Nigeria: The 9th National Assembly, Passive Constitution and Masses Poverty

Nigeria: The 9th National Assembly, Passive Constitution and Masses Poverty

It is globally recognised that every citizen of a modern nation is a subject of the state, and once a state is formed, the citizens formulate ethical principles or virtues to be pursued, vices to be avoided and values to be cherished-for the good conduct of citizens. These values are in most cases put in, or in some cases left in an uncodified form and transmitted from one generation to the next via a well-formulated/structured process called the constitution.

This thought may have informed our forebears, like their counterparts abroad, to come up at different times and places with constitutions to promote and ensure a free and democratic society; a just and egalitarian society; a united strong and self-reliant nation; a great and dynamic economy; and the land of bright and full opportunities for all citizens.

Indeed, analysts believe that constitutions are the foundation for government in virtually every society around the world that simultaneously create, empower, and limit the institutions that govern the society. In doing so, they are intimately linked to the provision of public goods. Outcomes, like democracy, economic performance, and human rights protection, are all associated with the contents of countries’ constitutions.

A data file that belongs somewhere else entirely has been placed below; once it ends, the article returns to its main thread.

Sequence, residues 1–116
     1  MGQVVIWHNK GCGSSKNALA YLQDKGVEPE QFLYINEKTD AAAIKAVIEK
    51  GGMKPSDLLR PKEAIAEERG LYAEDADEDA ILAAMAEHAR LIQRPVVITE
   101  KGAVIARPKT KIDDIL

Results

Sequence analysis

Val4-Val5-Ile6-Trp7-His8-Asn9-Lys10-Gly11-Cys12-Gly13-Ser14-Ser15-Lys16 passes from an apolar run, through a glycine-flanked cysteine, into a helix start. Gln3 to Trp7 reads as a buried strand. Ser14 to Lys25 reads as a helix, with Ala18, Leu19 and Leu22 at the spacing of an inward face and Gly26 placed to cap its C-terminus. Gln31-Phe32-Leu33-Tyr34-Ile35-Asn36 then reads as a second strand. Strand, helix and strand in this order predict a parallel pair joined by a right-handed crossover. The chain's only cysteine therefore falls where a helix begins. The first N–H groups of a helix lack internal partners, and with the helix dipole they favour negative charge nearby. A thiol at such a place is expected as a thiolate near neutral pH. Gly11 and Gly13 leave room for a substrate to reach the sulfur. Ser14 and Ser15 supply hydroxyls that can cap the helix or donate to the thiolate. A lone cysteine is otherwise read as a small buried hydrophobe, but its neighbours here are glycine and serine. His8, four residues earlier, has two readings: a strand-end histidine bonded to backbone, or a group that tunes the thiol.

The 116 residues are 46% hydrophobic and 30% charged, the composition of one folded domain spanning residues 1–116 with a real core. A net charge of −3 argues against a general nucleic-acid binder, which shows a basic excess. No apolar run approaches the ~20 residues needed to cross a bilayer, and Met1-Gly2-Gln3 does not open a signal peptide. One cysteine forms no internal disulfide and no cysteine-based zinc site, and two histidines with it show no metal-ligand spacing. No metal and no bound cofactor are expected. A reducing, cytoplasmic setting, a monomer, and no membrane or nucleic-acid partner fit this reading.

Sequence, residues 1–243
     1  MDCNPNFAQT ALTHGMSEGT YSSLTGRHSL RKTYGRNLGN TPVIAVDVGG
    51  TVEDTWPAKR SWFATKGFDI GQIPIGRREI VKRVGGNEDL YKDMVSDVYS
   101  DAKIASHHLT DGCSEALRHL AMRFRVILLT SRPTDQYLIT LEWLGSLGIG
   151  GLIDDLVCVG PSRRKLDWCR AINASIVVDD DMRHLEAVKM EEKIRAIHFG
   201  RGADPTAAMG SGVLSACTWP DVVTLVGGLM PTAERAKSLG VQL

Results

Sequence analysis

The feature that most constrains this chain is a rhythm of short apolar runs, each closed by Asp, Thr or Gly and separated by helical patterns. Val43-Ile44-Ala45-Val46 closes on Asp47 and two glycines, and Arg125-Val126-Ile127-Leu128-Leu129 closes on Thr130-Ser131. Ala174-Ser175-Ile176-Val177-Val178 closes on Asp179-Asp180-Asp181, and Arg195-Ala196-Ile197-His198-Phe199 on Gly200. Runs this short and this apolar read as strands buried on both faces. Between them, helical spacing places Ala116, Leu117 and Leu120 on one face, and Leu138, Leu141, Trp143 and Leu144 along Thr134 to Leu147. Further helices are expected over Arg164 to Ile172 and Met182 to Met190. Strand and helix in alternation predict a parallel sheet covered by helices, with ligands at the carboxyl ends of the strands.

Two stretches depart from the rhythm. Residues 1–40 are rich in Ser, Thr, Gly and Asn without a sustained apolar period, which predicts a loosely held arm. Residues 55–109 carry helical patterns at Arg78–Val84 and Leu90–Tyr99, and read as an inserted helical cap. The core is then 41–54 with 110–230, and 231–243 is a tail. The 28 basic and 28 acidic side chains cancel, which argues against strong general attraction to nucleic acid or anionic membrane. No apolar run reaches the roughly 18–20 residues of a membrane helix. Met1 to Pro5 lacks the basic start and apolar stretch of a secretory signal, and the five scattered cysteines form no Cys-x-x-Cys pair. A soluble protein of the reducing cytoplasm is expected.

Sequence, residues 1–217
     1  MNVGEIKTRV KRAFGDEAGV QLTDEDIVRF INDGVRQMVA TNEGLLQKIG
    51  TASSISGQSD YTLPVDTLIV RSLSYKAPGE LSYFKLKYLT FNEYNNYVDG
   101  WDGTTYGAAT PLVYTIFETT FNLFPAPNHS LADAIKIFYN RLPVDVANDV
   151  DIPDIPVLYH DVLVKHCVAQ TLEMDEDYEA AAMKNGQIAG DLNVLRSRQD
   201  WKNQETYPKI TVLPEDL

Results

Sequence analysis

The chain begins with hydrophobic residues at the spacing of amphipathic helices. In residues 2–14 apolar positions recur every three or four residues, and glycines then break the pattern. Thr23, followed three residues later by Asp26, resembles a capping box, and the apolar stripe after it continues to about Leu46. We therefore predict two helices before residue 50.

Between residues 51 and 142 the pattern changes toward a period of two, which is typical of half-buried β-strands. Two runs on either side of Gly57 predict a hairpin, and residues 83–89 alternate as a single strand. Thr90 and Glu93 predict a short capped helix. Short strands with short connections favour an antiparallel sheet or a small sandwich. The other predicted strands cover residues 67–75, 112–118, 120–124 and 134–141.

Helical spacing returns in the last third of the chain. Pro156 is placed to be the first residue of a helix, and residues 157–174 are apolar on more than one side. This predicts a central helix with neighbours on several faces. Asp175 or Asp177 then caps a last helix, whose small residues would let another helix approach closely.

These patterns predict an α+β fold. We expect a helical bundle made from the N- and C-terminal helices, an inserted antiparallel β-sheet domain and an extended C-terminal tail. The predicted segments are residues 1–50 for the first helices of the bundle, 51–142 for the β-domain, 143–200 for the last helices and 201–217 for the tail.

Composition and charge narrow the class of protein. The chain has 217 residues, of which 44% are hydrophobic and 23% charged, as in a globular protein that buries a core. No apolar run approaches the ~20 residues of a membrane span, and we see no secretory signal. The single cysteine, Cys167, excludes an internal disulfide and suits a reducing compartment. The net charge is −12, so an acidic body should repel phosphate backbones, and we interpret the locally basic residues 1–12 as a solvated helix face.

But, beyond these qualities, there’s something more. There are people in Nigeria who accept as true that the 1999 Constitution of the Federal Republic of Nigeria (as amended) is fraught with flaws. While many in this group are of the views that most of its provisions fall short of establishing or clarifying processes for citizen participation in the development and management of their nation’s affairs, to some, the Constitution failed to prescribe or specify accountability mechanisms for non-performance or policy infractions; while the rest believe that the major failure of the 1999 Constitution is underlined in its inability to focus on key national priorities.